Categories
Uncategorized unix

How I use ChromeOS’s linux containers

When you enable “Linux” on ChromeOS, a default Virtual Machine is created (and a default linux container). VM’s are the layer above containers- each VM can house multiple containers. The default VM is named “termina” and once it exists, you can interact with it from crosh (The Chromium OS Shell) using the vmc command. The default container is named “penguin”.

Note, for my purposes, I create a second VM named wpvm and then create containers within that VM. This makes it fast and easy to spin up Debian environments (I’ll try to cover other container types in a later post) for whatever your needs may be. The --enable-gpu is optional. YMMV.

First, open a crosh window (ctrl-alt-t). Then, to create and start a new VM named “wpvm”:

crosh> vmc start --enable-gpu wpvm

After the above VM is created, you’ll end up at a shell prompt within the VM. A potential point of confusion, the prompt below shows “(termina)” when we’re actually in a VM named “wpvm”. The “(termina)” here refers to the VM image ChromeOS uses for all VM’s. Keep calm and keyboard on.

(termina) chronos@localhost

From here, exit the VM using ctrl-d

Now let’s create a container within the new “wpvm” VM. We’ll use Google/ChromeOS’s standard Crostini container, “stretch”:

crosh> vmc container wpvm stretch

If everything worked, you’ll find yourself signed into the new Debian Stretch container with a bash prompt:

mark.drovdahl@stretch:~$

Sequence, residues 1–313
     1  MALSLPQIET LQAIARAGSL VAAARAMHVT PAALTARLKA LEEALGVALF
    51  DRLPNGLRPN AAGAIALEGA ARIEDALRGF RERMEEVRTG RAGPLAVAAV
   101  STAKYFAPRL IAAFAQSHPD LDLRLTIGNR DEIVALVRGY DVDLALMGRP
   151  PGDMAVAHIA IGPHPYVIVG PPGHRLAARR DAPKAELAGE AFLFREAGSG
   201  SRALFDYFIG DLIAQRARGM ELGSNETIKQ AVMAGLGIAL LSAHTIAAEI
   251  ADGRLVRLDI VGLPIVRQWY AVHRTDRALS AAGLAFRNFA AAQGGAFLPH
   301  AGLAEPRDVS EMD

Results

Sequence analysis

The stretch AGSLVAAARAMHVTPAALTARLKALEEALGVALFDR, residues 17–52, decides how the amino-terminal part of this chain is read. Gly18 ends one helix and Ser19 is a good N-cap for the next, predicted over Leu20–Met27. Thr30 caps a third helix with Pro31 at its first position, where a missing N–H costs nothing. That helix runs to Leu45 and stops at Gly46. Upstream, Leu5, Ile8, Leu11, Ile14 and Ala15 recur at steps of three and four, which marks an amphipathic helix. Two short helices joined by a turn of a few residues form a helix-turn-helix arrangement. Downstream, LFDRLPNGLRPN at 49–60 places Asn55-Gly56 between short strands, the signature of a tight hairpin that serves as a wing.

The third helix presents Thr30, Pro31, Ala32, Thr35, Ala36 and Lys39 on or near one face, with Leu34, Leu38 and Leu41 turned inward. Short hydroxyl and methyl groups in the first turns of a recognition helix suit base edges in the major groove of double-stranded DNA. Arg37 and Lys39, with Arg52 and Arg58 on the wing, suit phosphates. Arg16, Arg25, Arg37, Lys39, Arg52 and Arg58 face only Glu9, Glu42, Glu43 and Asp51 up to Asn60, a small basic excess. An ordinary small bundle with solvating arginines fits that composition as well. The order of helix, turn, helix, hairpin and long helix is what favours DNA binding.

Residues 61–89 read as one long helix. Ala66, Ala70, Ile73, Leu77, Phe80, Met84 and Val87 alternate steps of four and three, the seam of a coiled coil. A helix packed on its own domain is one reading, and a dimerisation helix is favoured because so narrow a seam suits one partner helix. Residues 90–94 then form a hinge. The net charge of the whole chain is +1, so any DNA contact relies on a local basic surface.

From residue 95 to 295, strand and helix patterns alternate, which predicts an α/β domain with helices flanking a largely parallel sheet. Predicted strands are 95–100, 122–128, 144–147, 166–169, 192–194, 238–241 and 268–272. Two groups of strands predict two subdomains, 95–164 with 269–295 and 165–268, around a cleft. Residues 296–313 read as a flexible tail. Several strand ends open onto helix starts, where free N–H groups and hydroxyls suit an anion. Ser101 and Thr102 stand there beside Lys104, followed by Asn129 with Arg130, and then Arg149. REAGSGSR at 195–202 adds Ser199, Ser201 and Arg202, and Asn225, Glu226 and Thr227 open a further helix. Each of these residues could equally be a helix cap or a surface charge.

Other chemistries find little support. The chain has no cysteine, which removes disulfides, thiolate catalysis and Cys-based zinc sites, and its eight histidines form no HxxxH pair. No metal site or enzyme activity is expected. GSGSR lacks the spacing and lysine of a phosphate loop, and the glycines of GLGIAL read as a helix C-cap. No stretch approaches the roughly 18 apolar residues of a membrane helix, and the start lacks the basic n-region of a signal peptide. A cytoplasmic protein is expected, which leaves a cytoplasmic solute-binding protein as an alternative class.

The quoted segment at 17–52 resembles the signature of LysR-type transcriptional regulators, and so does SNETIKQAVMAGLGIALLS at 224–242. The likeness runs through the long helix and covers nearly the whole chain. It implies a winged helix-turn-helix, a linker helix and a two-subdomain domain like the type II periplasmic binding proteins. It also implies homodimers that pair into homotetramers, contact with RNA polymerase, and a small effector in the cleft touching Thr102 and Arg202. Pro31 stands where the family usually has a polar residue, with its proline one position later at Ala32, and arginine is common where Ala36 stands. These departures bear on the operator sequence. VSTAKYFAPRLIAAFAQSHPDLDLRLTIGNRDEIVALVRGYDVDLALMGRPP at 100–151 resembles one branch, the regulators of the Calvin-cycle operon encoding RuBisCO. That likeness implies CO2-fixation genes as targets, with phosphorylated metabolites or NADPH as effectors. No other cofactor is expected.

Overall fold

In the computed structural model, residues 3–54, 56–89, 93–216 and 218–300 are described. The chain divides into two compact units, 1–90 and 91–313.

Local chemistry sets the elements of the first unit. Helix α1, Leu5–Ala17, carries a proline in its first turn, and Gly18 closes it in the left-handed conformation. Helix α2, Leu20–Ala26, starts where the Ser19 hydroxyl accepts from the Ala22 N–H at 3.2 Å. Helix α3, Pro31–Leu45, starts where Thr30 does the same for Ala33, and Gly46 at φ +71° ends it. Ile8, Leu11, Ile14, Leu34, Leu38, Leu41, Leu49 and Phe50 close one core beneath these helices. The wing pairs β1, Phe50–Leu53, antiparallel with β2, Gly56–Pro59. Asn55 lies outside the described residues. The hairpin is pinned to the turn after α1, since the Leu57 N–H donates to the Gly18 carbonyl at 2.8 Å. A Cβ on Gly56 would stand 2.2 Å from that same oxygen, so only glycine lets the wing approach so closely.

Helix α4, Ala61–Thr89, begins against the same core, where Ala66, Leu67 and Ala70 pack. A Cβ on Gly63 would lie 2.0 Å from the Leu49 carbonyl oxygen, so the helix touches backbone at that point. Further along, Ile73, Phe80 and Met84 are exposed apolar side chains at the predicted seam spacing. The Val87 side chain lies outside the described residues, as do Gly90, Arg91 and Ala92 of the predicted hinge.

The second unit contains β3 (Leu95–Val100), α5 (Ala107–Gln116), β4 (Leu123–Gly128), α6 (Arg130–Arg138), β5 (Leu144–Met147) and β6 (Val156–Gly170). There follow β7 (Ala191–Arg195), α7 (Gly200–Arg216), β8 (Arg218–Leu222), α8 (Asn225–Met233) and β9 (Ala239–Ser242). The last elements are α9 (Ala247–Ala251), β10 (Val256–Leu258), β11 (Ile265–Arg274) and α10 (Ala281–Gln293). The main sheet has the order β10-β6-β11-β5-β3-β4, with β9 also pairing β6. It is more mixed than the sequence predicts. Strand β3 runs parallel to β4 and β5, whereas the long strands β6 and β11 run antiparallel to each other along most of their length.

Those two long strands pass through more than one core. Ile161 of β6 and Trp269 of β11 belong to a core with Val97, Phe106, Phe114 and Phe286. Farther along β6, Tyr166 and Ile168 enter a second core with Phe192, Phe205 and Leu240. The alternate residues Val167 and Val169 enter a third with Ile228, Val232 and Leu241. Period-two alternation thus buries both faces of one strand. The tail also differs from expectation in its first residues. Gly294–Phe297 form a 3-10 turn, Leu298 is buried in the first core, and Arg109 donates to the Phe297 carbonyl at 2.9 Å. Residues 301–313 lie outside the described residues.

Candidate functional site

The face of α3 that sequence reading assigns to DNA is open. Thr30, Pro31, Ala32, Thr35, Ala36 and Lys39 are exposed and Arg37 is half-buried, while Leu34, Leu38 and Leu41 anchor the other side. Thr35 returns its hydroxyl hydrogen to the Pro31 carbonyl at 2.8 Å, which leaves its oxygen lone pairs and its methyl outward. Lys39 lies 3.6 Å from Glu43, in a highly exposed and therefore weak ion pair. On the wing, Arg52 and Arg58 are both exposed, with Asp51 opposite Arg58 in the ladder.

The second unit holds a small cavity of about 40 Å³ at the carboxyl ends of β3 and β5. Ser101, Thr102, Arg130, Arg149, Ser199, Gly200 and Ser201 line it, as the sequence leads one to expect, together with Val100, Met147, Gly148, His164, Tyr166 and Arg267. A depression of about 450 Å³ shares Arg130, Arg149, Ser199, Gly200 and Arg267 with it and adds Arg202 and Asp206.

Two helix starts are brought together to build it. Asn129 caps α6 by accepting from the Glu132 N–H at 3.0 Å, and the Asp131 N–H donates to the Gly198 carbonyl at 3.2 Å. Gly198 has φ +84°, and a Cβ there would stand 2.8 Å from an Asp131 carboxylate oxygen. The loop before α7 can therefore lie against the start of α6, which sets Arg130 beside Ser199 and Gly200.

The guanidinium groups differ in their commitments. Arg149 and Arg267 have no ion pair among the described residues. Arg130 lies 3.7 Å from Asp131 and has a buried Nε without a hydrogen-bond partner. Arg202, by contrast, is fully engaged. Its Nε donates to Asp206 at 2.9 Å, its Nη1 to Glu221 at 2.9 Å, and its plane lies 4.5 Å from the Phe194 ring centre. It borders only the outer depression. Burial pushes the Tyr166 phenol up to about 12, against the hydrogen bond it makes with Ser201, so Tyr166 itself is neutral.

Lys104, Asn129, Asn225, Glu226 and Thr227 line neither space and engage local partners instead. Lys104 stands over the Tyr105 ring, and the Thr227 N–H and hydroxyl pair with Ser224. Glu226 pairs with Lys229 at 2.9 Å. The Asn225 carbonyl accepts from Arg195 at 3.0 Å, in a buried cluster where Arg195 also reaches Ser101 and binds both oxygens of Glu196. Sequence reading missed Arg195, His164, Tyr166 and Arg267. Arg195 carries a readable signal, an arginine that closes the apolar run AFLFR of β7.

If you want to verify the VM and the container were created and running, you can open a new crosh window (ctrl-alt-t), list the available VM’s, shell into the “wpvm” VM using the vsh command (reminder, this puts you into the VM, not the container) and then check the status of any running containers with:

crosh> vmc list
 wpvm
 termina
 Total Size (bytes): xxxxxxxxx
crosh> vsh wpvm
 (termina) chronos@localhost ~ $ lxc list
 +---------+---------+-----------------------+------+------------+-----------+
 |  NAME   |  STATE  |         IPV4          | IPV6 |    TYPE    | SNAPSHOTS |
 +---------+---------+-----------------------+------+------------+-----------+
 | stretch | RUNNING | 100.115.92.233 (eth0) |      | PERSISTENT | 0         |
 +---------+---------+-----------------------+------+------------+-----------+

To shell into a running container (obviously, the associated VM must also be running):

crosh> vsh wpvm stretch
mark.drovdahl@stretch:~$

References:

https://chromium.googlesource.com/chromiumos/docs/+/master/containers_and_vms.md

Categories
Uncategorized unix

Walk the line…endings

Have a file where you want to add a comma to the end of each line?

$ sed 's/$/,/' ip_addresses.txt | head -n2

This should work…but, wait, it didn’t. Instead, it replaced the first character of each line with a comma. Why?

,6.127.0.0/17
,7.238.80.0/21

Aha, it is because the file is dos encoded. See the “\r \n”?

$ head -n1 ip_addresses.txt | od -c
0000000 9 6 . 1 2 7 . 0 . 0 / 1 7 \r \n
0000017

Ok, so dos2unix comes to the rescue.

$ dos2unix ip_addresses.txt
dos2unix: converting file ip_addresses.txt to Unix format...

And, finally, we have…

$ sed 's/$/,/' ip_addresses.txt | head -n2
96.127.0.0/17,
87.238.80.0/21,

Wait, not so fast. We actually wanted commas on all BUT the last line and observing the last two lines, we’ve got an extra comma.

$ sed 's/$/,/' ip_addresses.txt | tail -n2
103.246.150.0/23,
103.246.148.0/23,

So, use “$!” in sed which matches lines which are NOT the last line.

$ sed '$!s/$/,/' ip_addresses.txt | tail -n2
103.246.150.0/23,
103.246.148.0/2